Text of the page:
French president vows to shut down Calais migrant camp this year

Migrants run past burning tents in a makeshift camp near Calais, France, Monday Feb. 29, 2016. French authorities have begun dismantling part of the sprawling camp locally referred to as "the jungle" where thousands are hanging out, hoping to make their way to a better life in Britain. AP Photo/Jerome Delay

CALAIS, France – French President Francois Hollande says the migrant camp in Calais must be fully dismantled by the end of the year.

Hollande, who was visiting Calais on Monday for the first time since winning office in 2012, says the camp known as “the Jungle” is a “humanitarian emergency.”

Authorities say about 7,000 persons – aid groups say 10,000 – live in squalid conditions near the port of Calais hoping to get to Britain.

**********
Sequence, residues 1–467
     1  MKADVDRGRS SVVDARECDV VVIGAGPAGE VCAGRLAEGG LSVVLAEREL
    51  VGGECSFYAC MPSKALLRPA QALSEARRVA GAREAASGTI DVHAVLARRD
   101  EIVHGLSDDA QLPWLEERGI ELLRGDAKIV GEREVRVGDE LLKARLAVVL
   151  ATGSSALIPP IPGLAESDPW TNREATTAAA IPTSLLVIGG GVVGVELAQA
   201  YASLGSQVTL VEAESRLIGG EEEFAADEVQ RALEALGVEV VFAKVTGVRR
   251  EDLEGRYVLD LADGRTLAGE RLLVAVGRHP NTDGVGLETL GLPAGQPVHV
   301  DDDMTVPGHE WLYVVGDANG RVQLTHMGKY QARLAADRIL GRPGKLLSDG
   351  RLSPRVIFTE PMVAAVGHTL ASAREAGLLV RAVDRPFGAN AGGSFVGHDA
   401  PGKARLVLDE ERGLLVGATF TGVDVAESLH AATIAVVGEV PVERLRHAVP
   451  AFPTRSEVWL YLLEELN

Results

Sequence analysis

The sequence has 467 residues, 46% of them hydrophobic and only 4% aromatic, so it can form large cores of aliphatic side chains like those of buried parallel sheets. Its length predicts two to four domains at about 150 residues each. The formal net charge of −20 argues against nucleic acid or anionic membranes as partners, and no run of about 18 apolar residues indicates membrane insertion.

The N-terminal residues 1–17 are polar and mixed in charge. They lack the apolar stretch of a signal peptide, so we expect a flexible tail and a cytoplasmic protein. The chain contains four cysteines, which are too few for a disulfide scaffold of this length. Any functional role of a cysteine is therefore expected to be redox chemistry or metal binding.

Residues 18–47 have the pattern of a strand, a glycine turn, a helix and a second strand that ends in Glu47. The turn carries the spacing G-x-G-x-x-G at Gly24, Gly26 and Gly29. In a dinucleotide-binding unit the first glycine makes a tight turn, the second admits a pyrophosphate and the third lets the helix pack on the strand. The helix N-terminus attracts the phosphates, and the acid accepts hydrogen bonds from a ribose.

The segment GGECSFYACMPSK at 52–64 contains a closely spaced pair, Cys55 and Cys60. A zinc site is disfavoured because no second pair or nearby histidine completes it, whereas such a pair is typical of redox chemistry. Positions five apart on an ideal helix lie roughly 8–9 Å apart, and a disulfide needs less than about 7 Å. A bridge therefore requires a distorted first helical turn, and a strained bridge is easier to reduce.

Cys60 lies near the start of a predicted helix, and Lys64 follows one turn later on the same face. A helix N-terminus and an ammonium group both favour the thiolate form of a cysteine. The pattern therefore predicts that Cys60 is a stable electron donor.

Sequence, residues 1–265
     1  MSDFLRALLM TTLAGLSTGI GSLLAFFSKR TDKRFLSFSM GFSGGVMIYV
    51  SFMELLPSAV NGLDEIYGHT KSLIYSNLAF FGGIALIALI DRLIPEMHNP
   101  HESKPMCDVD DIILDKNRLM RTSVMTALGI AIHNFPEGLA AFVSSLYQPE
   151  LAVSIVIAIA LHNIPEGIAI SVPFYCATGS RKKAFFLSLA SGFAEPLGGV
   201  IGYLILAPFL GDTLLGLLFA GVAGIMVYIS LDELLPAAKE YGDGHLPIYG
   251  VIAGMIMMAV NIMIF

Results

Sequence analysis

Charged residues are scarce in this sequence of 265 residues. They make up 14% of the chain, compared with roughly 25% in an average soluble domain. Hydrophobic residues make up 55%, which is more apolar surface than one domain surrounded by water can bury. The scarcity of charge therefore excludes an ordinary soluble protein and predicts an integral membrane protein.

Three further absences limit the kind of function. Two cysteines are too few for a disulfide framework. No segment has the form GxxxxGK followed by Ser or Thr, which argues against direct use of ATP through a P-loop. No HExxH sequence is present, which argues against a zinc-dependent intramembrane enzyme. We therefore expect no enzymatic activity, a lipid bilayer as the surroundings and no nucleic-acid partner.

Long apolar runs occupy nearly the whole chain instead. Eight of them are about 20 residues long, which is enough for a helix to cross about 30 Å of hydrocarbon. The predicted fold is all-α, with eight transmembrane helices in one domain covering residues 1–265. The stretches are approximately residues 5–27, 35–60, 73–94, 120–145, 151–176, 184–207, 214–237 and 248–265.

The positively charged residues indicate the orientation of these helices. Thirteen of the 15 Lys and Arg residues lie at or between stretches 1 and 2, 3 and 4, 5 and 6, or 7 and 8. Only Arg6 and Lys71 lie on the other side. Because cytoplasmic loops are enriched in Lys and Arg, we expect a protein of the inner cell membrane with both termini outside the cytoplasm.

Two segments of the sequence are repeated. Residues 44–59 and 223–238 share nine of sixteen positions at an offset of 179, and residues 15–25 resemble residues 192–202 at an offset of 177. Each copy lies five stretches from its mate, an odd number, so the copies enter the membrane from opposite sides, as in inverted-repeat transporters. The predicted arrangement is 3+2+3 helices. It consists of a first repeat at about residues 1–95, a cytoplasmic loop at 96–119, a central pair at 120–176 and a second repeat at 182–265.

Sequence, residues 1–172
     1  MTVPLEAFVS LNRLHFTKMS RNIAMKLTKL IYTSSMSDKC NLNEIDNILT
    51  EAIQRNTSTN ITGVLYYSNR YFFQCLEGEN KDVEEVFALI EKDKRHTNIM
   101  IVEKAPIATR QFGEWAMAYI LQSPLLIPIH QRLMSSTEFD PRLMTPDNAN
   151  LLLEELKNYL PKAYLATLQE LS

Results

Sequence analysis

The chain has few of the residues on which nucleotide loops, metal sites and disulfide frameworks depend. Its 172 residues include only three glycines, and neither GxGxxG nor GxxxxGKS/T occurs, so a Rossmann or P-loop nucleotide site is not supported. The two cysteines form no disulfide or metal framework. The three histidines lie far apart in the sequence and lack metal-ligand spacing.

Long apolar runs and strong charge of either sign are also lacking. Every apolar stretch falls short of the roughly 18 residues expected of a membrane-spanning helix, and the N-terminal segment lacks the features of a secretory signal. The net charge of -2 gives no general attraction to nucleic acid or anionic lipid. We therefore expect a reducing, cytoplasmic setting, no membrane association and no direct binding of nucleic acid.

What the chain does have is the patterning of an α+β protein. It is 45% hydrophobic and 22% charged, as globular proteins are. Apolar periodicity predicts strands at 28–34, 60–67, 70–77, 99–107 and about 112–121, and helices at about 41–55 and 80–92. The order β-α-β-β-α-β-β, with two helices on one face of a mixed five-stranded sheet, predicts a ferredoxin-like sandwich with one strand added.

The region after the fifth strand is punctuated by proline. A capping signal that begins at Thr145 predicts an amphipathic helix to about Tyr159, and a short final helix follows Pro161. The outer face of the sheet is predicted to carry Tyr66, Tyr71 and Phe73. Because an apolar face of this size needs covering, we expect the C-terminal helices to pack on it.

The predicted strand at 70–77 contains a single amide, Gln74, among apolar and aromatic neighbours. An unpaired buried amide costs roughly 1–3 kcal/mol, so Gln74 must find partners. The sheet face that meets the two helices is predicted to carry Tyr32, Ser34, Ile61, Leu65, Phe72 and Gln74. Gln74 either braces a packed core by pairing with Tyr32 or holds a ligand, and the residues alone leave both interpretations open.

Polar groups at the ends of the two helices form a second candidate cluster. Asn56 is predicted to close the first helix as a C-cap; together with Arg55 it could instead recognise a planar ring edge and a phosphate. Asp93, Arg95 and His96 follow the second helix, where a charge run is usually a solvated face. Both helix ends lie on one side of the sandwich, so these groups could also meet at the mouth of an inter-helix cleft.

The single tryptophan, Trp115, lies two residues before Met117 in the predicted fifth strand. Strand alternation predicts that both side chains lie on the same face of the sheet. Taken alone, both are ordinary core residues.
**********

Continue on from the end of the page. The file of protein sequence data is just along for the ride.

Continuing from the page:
READ MORE: Fiery backlash as Calais migrant camp dismantled in France

Hollande said, “we must guarantee a durable and effective sealing of the French-British border,” insisting that British authorities must “take their part” in the effort.

The government announced plans in the summer to disperse Calais migrants into centres across France, where they will be able to apply for asylum. Hollande reaffirmed that plan on Saturday


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